Will or Trust?
Getting your parents to talk about passing their possessions on after their death can be a bit uncomfortable. Who wants to talk about dying? The conversation is not easy but it is essential. Too much time and money are wasted because of poor planning.
At Boom Baby Boomer we turn to the experts for basic understanding of the issues that are inevitable.
For estate planning we turn to lawyer Paul Brown a partner with Chandler and Brown law firm in St. Paul, MN.
A will is a document that is relatively cheap to produce and divides the family assets up once both parents have passed on. A will can very specifically say who will get your dad's antique duck decoys or your mother's silverware collection. A will then goes through a very public process called probate. The court reviews the will and a public notice is placed in the newspaper so creditors have a specific amount of time to make a claim on any of the assets. In Minnesota it's four months. If creditors don't make their claim within the four months too bad, they're out of luck. Attorney Paul Brown says this is the one advantage to a will. It cuts off the time a creditor can make a claim.
Most of the cost of a will comes after parents' deaths. You will almost always need a paralegal and or lawyer to help you compile the documents needed for the probate court.
What is called a revocable, living trust is, in its most basic form, a private probate. Paul Brown says because the court is not involved it's a quicker, nicer way. He says in Minnesota if your parents have under a million dollars in assets it's also a fairly simple process. Basically, you title the assets in a trust while your parents are still alive and the document explains how those assets will be shared upon their death. Having the assets in the trust ensures money is available to pay the bills upon the passing of your parents and then names one or more of the surviving children to divide the remaining assets. A trust does not limit the time a creditor can make a claim and Brown says if there are disagreements between the children the court is always available to sort out the dispute. The cost to prepare the trust is paid up front. The cost depends on how complicated the trust is and who you hire.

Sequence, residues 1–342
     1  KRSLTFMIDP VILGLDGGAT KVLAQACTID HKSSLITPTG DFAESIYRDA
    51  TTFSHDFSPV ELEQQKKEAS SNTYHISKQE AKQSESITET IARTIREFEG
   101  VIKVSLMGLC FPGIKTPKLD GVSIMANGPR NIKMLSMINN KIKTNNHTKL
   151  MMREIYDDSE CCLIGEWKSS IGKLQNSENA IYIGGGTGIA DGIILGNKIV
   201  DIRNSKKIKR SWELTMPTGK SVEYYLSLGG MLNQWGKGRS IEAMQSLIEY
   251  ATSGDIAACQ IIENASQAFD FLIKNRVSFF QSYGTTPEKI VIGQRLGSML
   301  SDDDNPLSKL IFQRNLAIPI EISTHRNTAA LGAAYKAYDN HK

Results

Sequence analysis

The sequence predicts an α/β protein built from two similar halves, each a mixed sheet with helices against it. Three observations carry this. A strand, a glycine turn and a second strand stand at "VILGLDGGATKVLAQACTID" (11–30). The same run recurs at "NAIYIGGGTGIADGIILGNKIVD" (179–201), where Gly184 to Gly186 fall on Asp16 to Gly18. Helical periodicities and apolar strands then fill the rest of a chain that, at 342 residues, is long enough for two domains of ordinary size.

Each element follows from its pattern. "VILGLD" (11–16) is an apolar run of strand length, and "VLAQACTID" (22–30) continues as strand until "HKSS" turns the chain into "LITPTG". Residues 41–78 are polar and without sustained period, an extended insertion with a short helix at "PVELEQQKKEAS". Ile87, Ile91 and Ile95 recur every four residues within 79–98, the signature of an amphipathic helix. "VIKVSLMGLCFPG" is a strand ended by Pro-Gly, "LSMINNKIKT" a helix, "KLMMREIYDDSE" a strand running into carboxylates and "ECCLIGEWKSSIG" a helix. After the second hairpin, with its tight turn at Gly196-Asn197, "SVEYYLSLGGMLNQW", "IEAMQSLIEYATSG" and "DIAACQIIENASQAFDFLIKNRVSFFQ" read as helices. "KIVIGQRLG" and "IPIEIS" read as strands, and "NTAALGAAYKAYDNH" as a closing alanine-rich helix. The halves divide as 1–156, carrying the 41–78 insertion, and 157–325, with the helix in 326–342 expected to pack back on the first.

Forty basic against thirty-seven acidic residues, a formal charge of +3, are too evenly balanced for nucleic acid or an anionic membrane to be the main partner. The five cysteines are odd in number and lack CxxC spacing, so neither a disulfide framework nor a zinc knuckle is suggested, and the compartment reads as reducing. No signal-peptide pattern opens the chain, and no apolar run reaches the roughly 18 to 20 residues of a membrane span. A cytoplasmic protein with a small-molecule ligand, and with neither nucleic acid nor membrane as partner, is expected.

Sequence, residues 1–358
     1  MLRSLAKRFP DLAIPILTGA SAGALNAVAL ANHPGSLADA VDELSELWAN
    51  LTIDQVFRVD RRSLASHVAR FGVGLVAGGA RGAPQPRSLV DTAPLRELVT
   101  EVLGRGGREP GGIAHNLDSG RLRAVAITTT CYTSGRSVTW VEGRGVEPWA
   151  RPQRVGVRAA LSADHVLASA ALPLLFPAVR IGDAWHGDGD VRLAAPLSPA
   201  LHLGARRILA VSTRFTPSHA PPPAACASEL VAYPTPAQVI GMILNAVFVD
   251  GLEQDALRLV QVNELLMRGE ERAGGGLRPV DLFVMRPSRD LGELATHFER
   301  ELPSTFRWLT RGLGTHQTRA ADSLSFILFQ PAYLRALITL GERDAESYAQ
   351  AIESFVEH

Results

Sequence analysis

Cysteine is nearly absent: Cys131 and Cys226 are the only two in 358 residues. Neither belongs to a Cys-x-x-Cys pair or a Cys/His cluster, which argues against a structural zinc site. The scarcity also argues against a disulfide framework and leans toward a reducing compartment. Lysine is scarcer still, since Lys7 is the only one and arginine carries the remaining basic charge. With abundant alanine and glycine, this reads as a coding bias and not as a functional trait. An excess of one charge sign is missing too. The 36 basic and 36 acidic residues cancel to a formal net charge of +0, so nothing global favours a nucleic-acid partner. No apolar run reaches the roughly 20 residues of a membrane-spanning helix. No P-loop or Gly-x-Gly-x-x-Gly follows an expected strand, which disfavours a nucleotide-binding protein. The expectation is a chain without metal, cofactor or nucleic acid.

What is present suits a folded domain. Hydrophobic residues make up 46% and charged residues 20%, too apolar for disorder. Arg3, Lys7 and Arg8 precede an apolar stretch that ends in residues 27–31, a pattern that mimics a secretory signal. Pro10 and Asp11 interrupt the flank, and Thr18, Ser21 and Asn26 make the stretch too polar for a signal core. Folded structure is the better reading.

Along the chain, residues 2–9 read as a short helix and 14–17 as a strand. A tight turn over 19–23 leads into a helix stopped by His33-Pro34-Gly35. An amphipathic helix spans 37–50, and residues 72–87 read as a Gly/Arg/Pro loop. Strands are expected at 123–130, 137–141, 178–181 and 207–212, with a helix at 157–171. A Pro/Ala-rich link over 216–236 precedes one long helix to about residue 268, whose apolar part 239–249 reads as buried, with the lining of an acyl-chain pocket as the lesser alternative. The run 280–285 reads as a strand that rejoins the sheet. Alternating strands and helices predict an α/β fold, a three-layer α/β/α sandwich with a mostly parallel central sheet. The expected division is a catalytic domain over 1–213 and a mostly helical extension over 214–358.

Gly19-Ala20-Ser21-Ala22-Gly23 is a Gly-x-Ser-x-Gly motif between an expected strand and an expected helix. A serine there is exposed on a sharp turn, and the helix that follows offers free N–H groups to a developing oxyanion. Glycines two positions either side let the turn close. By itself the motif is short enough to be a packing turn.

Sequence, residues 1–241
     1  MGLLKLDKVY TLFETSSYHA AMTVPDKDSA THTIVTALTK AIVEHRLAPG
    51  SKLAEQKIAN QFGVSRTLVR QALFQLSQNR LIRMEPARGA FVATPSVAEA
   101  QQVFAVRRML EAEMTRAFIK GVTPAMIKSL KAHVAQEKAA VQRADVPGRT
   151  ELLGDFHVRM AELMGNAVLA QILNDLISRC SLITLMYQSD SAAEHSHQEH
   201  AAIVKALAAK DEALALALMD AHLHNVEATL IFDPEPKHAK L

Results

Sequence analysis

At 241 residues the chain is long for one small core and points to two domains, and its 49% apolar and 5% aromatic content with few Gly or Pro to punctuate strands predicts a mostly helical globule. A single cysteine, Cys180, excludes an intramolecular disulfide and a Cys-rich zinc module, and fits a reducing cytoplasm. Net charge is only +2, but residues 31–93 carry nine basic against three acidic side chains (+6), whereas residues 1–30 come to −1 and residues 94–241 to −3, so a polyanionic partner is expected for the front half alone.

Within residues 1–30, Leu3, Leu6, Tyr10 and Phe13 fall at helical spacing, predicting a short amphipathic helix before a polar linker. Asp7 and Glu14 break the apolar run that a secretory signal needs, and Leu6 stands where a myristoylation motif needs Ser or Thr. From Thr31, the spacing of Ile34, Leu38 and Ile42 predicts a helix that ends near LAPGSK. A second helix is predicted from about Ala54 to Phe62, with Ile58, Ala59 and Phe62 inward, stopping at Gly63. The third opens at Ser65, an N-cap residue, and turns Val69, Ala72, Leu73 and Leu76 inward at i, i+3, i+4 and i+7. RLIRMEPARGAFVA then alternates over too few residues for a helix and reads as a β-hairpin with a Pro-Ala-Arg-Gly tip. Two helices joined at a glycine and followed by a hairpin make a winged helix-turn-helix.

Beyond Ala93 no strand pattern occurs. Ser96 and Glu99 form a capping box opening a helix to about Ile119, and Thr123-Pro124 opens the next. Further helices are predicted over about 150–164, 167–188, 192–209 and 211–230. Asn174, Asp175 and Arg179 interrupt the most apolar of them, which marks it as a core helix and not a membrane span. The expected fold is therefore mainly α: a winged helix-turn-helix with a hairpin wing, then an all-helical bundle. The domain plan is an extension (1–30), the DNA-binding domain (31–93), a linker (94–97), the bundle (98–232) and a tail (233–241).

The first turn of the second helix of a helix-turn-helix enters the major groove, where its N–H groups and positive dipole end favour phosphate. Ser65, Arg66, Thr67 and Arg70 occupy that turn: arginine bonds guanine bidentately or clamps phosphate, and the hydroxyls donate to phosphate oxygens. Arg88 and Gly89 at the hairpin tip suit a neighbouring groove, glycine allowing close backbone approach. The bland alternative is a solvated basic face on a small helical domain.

Brown also points out two common mistakes people make after setting up a trust. First they neglect to update deeds to real estate. For example, if a parent sells the family home and buys a condominium it is crucial to get the new deed in the trust. If it's not, it will have to go through probate.
He also says people forget to update beneficiaries on life insurance and IRA's. This is especially common in a divorce.
Another common mistake he sees parents make these days is giving away the house too soon. Brown says parents are putting their homes in the children's name to protect it from the government if they end up in a nursing home and run out of money. But, he says, that means the children will pay capital gains tax when they sell the home because it's not their primary residence. The capital gains tax is about 22% these days. If they inherited the house there would be no tax assuming their parents assets are under a million dollars in Minnesota. Even if the assets are over a million dollars the estate tax is about 15%, still less than the 22%. The odds of dying in a nursing home are really not that great so Brown says think twice before you have your parents put their home in your name.
You should discuss having one of the children's names on a parent's checking or savings account or setting up what's called Pay on Death at the bank. This gives one of the surviving children immediate ability to pay bills out of the parent's checking or savings account. The risk of course is they'll do more than pay the bills; they'll help themselves to extra money. But, if there is no immediate access to money it's tough to pay for funeral costs and the heat bill due on the family home.